Bel Canto Bookshelf: The Blog

I Sing (or Play) the Body Electric

J.Q. Davies. Romantic Anatomies of Performance. University of California Press, 2014.

One of the main developments at the dawn of the Romantic movement in music is the rise of the virtuoso. Virtuosi had existed before the early 19th century, but the were (almost?) all castrati. The transfer of that level of virtuosity to other voices (female sopranos and tenors, in particular) and to other instruments (Paganini with the violin; Liszt with the piano) was new and a defining feature of early 19th century opera and much Romantic instrumental music.

Davies looks at the performers of the early-mid 19th century, when virtuosity for both singers and pianists was all the rage in context of the increased interest in medicine, anatomy and physiology of the same era. It is therefore no surprise that Garcia and many after him take such an interest in the vocal mechanism around this time (an interest the continues into today’s voice science). It gives the reader a fresh look on familiar figures like Chopin, Malibran, Duprez, Nourrit, Liszt, and others. 

The book is made up of an introduction and six essays focusing on performers active in Paris and London around 1830. 

The first chapter is Davies’ often cited (and previously published) article “Veluti in Speculum”, a thorough look at the last great castrato. The essay focuses particularly on Velluti’s appearances at the King’s Theater in London which was hugely controversial at the time bringing in just about every political, social, religious and artistic debate at the time. Velluti was used as a stand-in for venting about the aristocracy, the Catholic church, the self-examination of masculinity or the rising middle-class merchants, and so many other issues which were as widely discussed as his singing (which was largely panned).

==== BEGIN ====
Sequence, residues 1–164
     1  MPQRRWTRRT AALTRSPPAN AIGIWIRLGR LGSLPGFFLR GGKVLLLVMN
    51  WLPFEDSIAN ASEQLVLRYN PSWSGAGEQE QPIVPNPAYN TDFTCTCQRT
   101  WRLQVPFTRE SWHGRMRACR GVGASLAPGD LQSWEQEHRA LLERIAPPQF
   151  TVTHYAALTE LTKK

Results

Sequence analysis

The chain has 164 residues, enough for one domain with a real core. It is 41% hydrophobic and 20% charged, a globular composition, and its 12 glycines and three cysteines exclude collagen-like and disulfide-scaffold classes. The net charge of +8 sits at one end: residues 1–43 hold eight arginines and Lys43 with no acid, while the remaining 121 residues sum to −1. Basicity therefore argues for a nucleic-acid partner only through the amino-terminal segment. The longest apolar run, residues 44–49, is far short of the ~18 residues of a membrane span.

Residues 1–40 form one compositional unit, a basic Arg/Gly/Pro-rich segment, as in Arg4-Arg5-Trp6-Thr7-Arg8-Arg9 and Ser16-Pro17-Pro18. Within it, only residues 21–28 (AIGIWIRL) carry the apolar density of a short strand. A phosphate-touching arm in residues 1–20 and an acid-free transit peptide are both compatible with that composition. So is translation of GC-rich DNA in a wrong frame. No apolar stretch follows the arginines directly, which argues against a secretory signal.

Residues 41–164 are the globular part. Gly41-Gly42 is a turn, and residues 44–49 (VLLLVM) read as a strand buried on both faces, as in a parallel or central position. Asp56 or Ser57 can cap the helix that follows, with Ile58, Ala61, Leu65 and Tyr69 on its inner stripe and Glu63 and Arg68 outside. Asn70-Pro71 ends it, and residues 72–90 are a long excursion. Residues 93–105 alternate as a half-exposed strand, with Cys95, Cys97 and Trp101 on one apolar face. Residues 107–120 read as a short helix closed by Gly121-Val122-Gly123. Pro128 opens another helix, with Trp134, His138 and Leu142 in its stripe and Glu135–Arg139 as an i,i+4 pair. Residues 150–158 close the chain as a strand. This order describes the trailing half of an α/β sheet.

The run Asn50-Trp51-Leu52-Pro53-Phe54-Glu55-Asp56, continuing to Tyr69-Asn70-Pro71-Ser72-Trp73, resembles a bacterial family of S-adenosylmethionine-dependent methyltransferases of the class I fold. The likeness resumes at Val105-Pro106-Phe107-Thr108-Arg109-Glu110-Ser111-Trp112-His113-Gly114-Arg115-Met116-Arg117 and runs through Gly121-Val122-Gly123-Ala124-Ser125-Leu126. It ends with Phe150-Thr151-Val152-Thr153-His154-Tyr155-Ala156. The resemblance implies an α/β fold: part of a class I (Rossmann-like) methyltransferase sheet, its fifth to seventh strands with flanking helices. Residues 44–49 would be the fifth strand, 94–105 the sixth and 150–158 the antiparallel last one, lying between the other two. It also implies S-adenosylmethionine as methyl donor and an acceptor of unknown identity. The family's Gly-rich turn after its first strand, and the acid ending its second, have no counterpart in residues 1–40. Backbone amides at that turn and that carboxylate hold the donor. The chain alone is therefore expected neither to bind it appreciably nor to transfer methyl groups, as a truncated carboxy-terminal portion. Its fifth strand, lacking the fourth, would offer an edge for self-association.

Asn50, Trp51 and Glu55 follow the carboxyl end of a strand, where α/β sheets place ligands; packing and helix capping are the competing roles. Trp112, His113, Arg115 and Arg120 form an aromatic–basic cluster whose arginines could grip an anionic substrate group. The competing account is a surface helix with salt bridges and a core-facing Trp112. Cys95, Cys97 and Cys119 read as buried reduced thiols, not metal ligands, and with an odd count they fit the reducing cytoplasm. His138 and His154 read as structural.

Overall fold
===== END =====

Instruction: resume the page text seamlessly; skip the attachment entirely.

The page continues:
The Sonntag-Malibran Stereotype presents the beginnings of the now-established idea of the operatic diva by exploring the partnership and rivalry between Henriette Sonntag and Maria Malibran. 

In Search of Voice: Nourrit’s Voix Mixte, Donzelli’s Bari-Tenor. Davies explores the huge change in how tenors would sing in the upper range coming down, surprisingly, on Nourrit’s side, something few writers have done other than Nourrit’s biographer Quicherat. Most significantly pointing out that it was Nourrit who was the great artist-citizen and Duprez who seemed to only be concerned about making sound. The Nourrit/Duprez rivalry is framed as the beginning of a sense of gendering of voices with chest voice emerging as masculine and head voice as feminine. (This continues to be an issue today with many operatic sopranos actively avoiding chest voice and of course men singing exclusively in chest voice avoiding falsetto except for comic or special effects.)

Three other essays explore the hands of the great pianists Chopin, Thalberg and Liszt and will be of interest to the pianists among us. I will admit to skimming those sections, but there is plenty there that will be of interest to pianists and anyone interested in the development of piano playing during the 19th century.

Davies’ perspective, even on familiar material, is unique and fresh. This is a book I’d put on the must-read list not only for singers and pianists but anyone studying 19th century music. (In fact, I first came across this book when parts of it were an assigned reading for a music history class focusing on Rossini’s Guillaume Tell and French Grand Opera.)  There is much worth discussing here in a future Bel Canto Book Club!